For milk pasteurization start-up Safi, 2023 changed everything

Thursday, December 21, 2023

For milk pasteurization start-up Safi, 2023 was a year of making their dreams a reality.

In May, the Math Innovation office helped sponsor Safi’s three computer science/business student founders – Miraal Kabir, Daria Margarit, and Martin Turuta – to travel to Rwanda and pitch their hand-held milk pasteurization device to local dairy farmers. Safi aims to make milk pasteurization cheap and accessible, dramatically reducing the transmission of milk-borne diseases.

The May trip was a resounding success, but there were still major challenges ahead.

Safi members speak with farmers

Miraal Kabir (center) and Martin Turuta (right) explain their product to local dairy farmers.

Asking for help

The team spent their entire summer testing and refining their milk pasteurization device. They were on campus almost every day, using the Engineering Machine Shop and the Velocity Digital and Science spaces to finetune components and detect possible design flaws. In the process, they also encountered a major disappointment: they would not be able to manufacture the devices in Rwanda as originally planned. 

“I think we were naïve at the beginning about how incredibly complicated and hard this was going to be,” Margarit says.

The process was particularly challenging because none of them had an Engineering background.  “I was really optimistic about what we could do by ourselves,” Turuta says. “But the more we asked for help, the more experts and professionals helped us. A huge example is Graeme Adair at the Machine shop. We spent three months trying to build our product on our own, then we talked to him and within a week or two we had something ready for production.”

This “humbling” process paid off. By the end of the summer, they had a product they were comfortable bringing with them when they returned to Africa – and something they were excited to enter in that August’s American Society of Mechanical Engineers Innovation Showcase.

The importance of validation

The competition, which focuses on engineering for social good, had over 2,000 applicants from both university and professional spaces. Safi was chosen as one of the top three winners, receiving $10,000 of funding that was imperative in financing their return to Africa. More importantly, however, the win was validation after an often-gruelling summer.

“It was very validating for us that, outside of the university system, and in an engineering competition, we were still seen as good,” Miraal says. “The judges really liked how we worked as a team, and they saw us continuing to learn and grow as we work to make a difference.”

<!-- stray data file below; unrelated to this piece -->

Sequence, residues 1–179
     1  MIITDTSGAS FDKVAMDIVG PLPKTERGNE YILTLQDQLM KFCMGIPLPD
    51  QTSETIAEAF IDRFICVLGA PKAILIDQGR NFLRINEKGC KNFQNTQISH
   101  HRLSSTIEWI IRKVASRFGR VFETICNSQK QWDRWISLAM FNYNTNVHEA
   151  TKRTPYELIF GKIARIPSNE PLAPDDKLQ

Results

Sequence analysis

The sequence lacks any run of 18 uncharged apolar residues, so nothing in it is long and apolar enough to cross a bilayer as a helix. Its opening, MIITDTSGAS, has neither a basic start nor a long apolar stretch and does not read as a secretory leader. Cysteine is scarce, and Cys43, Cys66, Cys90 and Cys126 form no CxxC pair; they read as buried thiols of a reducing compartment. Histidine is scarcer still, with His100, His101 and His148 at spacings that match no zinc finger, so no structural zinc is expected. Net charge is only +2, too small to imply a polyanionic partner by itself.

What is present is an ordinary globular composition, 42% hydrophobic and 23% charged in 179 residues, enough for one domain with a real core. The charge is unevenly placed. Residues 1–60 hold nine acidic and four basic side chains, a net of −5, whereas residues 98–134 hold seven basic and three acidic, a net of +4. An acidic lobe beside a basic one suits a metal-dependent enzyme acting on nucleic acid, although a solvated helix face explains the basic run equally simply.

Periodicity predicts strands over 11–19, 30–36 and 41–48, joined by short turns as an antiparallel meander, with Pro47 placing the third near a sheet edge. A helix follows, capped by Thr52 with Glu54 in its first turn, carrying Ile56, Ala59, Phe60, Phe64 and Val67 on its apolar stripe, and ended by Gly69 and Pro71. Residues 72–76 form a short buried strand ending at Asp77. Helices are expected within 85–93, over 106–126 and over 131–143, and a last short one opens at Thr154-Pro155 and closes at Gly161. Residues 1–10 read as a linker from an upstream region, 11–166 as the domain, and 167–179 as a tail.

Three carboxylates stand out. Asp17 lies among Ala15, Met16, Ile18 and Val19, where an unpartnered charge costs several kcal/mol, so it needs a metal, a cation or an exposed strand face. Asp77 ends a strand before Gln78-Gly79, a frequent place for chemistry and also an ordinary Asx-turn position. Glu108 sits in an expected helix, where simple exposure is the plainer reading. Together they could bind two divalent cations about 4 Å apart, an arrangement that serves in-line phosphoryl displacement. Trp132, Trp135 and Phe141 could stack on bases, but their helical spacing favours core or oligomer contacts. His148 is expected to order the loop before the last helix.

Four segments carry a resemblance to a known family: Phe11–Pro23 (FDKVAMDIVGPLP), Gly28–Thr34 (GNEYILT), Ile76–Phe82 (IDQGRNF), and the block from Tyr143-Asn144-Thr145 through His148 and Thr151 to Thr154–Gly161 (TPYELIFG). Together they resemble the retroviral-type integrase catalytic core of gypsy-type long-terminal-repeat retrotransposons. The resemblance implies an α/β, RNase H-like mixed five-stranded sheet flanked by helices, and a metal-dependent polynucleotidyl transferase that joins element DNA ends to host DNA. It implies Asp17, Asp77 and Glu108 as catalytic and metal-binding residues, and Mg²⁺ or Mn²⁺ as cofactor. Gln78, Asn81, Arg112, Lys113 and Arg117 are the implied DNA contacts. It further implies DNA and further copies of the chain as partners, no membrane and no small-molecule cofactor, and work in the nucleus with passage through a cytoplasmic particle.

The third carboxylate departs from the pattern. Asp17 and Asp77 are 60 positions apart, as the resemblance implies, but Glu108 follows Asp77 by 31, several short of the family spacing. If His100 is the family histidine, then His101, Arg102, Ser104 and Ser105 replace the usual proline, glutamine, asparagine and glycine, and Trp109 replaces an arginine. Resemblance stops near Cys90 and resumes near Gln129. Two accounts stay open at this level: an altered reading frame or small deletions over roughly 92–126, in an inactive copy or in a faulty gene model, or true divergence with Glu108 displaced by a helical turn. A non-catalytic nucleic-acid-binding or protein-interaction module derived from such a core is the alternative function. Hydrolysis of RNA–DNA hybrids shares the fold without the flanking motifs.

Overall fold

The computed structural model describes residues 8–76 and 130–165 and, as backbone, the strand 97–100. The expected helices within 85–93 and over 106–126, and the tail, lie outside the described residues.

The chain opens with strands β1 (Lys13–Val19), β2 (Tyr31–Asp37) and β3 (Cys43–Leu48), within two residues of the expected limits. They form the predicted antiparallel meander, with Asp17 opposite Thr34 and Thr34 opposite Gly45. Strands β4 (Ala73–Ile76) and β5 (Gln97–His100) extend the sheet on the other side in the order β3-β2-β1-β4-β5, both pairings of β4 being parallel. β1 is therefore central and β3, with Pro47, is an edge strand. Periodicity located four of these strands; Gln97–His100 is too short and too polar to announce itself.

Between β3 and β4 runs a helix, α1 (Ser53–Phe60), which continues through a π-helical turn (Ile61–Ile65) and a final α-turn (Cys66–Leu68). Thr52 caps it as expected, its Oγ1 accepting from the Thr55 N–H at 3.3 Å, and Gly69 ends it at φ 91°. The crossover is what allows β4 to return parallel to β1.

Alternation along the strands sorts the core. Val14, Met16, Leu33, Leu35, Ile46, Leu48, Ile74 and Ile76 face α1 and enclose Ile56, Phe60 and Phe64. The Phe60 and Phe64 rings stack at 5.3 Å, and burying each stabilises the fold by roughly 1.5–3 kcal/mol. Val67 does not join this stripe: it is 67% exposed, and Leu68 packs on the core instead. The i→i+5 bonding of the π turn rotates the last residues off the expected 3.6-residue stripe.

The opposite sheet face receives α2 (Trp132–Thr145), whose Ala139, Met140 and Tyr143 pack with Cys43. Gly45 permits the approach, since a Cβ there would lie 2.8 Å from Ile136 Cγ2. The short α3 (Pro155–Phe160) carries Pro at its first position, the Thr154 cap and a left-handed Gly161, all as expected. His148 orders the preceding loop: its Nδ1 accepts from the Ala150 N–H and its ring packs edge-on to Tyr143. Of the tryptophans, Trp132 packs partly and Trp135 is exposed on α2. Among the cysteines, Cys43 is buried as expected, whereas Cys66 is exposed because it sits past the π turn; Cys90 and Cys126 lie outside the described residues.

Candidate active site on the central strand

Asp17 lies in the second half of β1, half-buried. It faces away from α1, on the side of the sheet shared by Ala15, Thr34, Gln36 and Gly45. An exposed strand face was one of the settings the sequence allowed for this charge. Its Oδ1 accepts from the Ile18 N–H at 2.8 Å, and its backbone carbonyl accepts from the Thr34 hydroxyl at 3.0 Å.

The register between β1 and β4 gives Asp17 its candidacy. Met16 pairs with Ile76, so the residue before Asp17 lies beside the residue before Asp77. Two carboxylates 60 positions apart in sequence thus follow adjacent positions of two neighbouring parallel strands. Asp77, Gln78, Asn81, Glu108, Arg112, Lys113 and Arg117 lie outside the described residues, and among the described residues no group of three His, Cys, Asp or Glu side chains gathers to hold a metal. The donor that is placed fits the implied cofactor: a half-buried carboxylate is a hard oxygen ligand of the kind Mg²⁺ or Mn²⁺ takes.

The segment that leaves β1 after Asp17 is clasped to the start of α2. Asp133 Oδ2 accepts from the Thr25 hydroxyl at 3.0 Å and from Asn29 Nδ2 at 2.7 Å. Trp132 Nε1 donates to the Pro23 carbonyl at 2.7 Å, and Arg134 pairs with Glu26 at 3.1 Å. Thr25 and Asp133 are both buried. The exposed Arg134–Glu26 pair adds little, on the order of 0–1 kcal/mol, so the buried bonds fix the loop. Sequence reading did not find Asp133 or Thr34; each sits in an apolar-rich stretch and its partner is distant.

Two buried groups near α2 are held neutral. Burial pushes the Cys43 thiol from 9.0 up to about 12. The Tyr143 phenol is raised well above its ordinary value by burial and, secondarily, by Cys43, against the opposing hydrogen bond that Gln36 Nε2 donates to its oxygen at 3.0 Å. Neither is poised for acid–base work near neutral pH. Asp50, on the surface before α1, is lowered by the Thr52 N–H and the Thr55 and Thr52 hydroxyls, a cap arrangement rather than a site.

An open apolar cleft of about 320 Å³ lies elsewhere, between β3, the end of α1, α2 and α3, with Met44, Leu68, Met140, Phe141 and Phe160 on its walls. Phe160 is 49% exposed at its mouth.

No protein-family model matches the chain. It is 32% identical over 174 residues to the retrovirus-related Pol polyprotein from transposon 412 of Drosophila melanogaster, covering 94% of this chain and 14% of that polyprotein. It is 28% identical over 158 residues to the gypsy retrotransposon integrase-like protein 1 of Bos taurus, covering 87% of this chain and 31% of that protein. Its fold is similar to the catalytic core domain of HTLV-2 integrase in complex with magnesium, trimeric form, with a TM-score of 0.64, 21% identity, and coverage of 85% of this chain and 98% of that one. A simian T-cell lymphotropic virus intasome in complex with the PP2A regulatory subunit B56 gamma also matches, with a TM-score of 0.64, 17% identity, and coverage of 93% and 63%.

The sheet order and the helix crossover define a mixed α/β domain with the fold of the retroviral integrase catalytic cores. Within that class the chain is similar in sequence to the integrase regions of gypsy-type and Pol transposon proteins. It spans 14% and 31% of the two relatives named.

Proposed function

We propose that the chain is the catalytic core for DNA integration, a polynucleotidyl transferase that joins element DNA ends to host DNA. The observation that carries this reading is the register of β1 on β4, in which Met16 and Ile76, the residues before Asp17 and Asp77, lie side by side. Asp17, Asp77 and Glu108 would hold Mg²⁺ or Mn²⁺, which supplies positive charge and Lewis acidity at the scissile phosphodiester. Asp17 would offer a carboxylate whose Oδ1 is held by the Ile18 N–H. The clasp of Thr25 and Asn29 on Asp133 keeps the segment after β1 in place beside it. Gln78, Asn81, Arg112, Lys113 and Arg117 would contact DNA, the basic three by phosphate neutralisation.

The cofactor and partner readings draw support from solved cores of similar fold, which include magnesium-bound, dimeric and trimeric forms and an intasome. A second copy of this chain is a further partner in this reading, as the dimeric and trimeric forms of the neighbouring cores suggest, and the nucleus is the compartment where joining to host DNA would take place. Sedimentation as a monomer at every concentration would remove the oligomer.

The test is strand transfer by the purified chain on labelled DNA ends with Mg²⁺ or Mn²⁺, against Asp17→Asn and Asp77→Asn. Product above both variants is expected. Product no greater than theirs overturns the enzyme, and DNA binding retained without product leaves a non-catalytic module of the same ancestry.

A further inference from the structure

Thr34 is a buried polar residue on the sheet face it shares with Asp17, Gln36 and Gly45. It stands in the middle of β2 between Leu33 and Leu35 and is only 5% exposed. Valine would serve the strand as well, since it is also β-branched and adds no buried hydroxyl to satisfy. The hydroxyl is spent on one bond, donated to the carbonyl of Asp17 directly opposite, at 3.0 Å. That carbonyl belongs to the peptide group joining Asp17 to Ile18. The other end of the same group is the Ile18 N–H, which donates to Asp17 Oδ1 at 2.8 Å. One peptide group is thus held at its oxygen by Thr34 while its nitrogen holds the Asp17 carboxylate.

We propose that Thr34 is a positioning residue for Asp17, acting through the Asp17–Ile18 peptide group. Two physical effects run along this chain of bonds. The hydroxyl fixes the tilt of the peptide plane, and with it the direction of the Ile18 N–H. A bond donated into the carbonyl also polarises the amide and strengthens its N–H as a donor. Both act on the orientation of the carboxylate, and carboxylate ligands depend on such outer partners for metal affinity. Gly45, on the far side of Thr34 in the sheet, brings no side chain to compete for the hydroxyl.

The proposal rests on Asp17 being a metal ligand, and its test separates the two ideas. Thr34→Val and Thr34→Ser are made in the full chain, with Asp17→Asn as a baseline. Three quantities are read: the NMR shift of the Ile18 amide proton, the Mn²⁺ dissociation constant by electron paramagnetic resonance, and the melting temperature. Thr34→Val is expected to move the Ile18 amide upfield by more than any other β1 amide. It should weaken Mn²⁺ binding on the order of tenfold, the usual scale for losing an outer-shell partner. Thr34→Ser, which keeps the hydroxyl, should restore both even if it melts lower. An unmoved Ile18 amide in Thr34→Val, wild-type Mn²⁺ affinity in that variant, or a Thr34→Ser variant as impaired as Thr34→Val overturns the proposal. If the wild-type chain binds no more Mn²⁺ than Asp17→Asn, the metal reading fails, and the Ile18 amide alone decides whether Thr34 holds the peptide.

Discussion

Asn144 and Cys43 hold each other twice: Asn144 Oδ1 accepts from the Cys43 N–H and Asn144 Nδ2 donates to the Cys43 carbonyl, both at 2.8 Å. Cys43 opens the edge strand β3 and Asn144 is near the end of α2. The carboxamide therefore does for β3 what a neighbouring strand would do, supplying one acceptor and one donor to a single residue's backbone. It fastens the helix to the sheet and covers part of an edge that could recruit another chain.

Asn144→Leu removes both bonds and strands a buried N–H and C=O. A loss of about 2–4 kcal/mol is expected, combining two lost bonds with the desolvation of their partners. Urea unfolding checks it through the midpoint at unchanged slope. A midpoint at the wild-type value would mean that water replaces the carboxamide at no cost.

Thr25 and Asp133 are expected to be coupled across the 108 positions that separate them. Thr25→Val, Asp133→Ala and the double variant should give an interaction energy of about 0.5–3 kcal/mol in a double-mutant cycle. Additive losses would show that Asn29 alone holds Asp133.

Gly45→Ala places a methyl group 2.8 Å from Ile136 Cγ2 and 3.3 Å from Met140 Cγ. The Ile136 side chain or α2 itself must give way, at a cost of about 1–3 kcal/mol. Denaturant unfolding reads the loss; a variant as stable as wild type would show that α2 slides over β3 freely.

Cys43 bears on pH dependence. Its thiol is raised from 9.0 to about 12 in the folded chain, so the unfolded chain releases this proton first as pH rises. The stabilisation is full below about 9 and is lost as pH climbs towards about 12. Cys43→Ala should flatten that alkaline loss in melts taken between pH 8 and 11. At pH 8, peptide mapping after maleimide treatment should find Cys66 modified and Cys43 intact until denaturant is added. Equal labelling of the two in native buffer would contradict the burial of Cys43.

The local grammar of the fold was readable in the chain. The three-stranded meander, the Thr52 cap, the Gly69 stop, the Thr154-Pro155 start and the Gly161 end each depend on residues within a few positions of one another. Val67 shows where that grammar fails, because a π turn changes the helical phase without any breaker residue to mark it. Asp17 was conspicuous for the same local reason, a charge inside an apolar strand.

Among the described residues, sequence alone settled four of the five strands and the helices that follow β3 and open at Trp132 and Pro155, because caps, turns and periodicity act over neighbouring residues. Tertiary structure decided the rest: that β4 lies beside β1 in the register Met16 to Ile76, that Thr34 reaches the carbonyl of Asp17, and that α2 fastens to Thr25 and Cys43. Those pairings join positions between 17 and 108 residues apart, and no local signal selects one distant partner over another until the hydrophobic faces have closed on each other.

Safi members on stage in front of Canadian flag

Members of Safi competed as part of the Canadian team at the Enactus World Cup.

The team members also placed in the top three at the Enactus World Cup in October, and won the GreenHouse pitch competition back at the University of Waterloo. “This project has been going for more than two years,” Turuta reflects, “but this is the first year we’ve gotten this huge push. To do all that and present it and have it recognized too has been incredible.”

“The amazing success of the Safi co-founders demonstrates that a Math education can form the foundation for other real-world impacts beyond traditional areas like high-tech and finance,” says Charles Clarke, Associate Dean for Innovation and Entrepreneurship in the Faculty of Mathematics.

Returning to Africa

The most important part of Safi’s year was when they returned to Africa in September. They first traveled the African Dairy Conference and Exhibition in Uganda, where they were invited to meet with the Ugandan Minister of Agriculture. In Rwanda, they set up pilot testing with four milk kiosks in Kigali.

Finally, they traveled to Kenya, where they were able to partner with the NGO Core Health and Wealth and run workshops on pasteurization for local farmers. In Kenya, they also attracted the attention of pharmaceutical company Boehringer-Ingelheim, who invited them last minute on a whirlwind trip back to their German headquarters for their annual social entrepreneurship conference.

Daria Magrit leads workshop with farmers

Daria Margarit leads a workshop with dairy farmers

"The Faculty of Mathematics is so proud of Safi and the positive impact of their innovation in such a short time frame,” says Stephanie Whitney, Director for Research & Innovation Partnerships in the Faculty of Mathematics. "We’re so pleased that our small contribution to their work has helped lead the to such amazing things. We’re excited to continue to support them in what they accomplish next.”

Now, finally back in Canada, the Safi founders are looking forward to the future. While they’ve seen incredible success, they still have far to go: their company currently has $0 in net revenue, and they have another April pilot planned to validate their supply chain and business model before they can begin large-scale production. They also have a deadline in mind: their graduation in August, after which they all hope to work on Safi full-time.

“We’ve learned so much this year,” Kabir says, “about being willing to ask for money, and ask for expertise, and deal with setbacks. I recently looked at our original plan from when we started in early 2021, and it was wild,” she laughs. “We thought we would be fully running by December 2021, distributing to half of Africa, a billion-dollar company.”

“I think that optimism was so important, though,” Margarit adds. “If we had focused on possible criticisms and ways we could fail, we would have gotten overwhelmed. I think that intense belief that we could make a positive impact is why we’ve made it this far.”